What a tough year this has been for pursuing money. Bank and brokerage firm failures. Sub-prime mortgages and housing market crashes. Government bailouts of Citigroup and GM. Credit crunches and high unemployment. Stock market roller coaster volatility and terribly low interest rates. Iraq, Iran, North Korea, Afghanistan…
How do you react to all the negative news? Where, or in what do you place your faith for the future? Sirach 31:5 says that one who loves gold will not be justified. One who pursues money will be led astray by it. Heed what Jesus taught His disciples in Luke 12: 22-36. Do not worry. Be ready for action. Make “purses that do not wear out.”
How diversified are you?
You know that #diversification is the key tenet for a sound investment strategy. Consider gold as a component of your asset allocation. Could this be the purse that does not wear out?
Gold is considered a long-term storehouse of value. As such, it fulfills all the functions of money. Bullion bars are bulky and must be safe-kept somehow. On the other hand, gold coins are portable and come in varying denominations. Universal recognition and acceptance as a form of payment make gold coins easy to buy and sell worldwide. And recently exchange traded funds like “Spider Gold Shares” allows investment in gold by virtue of a financial instrument that tracks the price of bullion.
Of paramount importance is gold’s ability to retain its purchasing power. It has done that and then some. According to Blanchard and Company, $1000 invested in generic gold coins in 1970 would be worth about $40,000 today. They say gold is up 150% since 2001. Although gold fluctuates in value, this average 10% annual return demonstrates gold’s ability to keep pace with inflation.
We can’t do anything about the stock market’s and interest rate’s reaction to the war and terrorism, world and economic news, fear of a financial freeze and private company governance. We can’t do anything about the UN or the axis of evil. We can’t do anything about the weather.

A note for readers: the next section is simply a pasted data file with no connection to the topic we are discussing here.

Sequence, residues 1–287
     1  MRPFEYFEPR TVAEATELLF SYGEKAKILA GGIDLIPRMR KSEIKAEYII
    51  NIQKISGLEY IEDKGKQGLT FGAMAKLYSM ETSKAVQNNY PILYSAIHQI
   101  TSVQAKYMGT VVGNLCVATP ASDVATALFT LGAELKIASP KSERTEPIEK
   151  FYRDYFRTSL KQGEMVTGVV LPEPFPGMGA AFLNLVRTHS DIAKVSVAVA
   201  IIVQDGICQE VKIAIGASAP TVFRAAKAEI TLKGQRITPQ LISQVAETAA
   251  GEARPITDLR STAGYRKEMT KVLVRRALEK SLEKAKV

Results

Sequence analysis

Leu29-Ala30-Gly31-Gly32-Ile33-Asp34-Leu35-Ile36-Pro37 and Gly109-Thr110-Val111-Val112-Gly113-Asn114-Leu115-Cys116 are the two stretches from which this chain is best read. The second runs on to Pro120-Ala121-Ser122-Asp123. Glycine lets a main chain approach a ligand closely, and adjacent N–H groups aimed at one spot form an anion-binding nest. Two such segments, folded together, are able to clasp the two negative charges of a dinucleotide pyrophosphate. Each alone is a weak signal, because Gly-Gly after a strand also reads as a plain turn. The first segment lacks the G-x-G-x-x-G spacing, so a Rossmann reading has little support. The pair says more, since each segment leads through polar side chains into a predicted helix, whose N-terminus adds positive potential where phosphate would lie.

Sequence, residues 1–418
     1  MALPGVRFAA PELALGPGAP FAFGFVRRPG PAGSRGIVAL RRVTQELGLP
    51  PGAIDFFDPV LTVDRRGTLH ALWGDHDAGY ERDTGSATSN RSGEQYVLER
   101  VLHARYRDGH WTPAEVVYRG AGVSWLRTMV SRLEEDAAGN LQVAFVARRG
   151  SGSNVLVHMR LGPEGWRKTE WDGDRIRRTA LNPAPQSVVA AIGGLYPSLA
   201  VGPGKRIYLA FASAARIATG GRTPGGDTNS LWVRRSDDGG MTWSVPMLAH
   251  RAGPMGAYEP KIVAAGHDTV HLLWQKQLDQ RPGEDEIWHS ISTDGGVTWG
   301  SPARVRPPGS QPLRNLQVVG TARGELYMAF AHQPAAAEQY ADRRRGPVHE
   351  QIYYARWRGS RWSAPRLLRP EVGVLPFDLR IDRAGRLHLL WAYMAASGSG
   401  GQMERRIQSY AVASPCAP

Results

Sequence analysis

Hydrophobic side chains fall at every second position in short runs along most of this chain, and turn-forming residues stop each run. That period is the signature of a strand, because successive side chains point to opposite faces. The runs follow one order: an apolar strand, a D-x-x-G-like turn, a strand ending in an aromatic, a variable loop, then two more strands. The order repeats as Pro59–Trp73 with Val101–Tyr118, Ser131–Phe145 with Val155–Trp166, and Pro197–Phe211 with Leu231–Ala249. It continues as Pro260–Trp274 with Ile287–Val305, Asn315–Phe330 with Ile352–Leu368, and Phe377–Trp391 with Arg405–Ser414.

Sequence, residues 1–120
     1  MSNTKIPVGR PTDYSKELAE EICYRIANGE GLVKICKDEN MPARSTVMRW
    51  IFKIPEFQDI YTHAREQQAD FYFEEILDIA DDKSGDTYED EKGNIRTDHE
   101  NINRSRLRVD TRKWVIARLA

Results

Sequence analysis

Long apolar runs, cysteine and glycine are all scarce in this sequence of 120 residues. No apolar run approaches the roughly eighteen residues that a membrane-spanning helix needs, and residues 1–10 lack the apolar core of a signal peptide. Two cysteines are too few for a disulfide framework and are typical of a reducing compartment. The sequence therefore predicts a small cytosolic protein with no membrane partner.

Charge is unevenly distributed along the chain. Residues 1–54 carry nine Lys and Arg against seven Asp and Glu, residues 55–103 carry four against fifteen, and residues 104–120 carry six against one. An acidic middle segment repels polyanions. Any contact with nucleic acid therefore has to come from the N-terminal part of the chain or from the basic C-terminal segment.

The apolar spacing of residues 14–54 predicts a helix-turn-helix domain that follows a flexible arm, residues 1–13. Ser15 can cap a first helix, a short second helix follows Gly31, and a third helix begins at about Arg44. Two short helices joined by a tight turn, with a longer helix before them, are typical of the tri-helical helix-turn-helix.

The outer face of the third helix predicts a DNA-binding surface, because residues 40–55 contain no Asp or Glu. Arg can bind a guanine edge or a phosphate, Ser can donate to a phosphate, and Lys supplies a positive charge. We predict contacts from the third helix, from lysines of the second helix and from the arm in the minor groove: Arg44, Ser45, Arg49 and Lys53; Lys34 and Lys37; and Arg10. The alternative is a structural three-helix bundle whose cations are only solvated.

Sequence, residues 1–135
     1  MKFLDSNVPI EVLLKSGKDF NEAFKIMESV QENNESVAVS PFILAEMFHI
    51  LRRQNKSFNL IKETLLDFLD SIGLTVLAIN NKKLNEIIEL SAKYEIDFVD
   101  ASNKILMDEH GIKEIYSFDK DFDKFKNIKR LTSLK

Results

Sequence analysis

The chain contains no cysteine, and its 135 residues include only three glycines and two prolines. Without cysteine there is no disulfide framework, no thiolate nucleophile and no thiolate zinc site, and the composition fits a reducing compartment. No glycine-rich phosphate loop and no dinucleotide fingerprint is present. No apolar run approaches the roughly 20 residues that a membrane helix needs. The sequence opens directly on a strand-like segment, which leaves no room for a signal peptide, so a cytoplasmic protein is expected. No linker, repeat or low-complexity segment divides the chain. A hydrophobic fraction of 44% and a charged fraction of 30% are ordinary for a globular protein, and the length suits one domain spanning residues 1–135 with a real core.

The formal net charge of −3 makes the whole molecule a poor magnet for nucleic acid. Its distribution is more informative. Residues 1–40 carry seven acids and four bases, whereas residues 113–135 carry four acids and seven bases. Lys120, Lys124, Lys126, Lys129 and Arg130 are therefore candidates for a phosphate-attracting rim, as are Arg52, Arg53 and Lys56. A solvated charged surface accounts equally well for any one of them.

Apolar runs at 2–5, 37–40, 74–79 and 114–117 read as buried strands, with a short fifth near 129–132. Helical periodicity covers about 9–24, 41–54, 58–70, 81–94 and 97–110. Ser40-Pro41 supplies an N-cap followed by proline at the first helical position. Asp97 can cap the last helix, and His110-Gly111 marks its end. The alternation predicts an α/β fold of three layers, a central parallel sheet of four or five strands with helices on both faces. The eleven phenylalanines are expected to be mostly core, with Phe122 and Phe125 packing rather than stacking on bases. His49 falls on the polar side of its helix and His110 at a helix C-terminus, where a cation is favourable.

We can control our responses, however. We can maintain hope and portray a positive countenance about our future. We can stop waiting for a return to the stock values of the 1990s. We can decide to manage investment risk more honestly and proactively. We can decide to diversify amongst and within asset classes. We can act with an attitude of, “Here we are today. Let’s go forward from here.”
And when the gold dust settles, and we have more confidence about the clarity of the immediate future, we can turn in our gold coins to be melted down and made into investment vehicles of another nature. As Tobit 12:9 instructs, community driven investments such as meals and school supplies for under-privileged children. Relationship driven investments such as rings, necklaces and bracelets for our loved ones. Investments that offer returns that are immeasurable in worldly quantitative terms. Hopefully as with Peter in Acts 3:6 we can say, “I have no silver or gold, but what I have I give you.”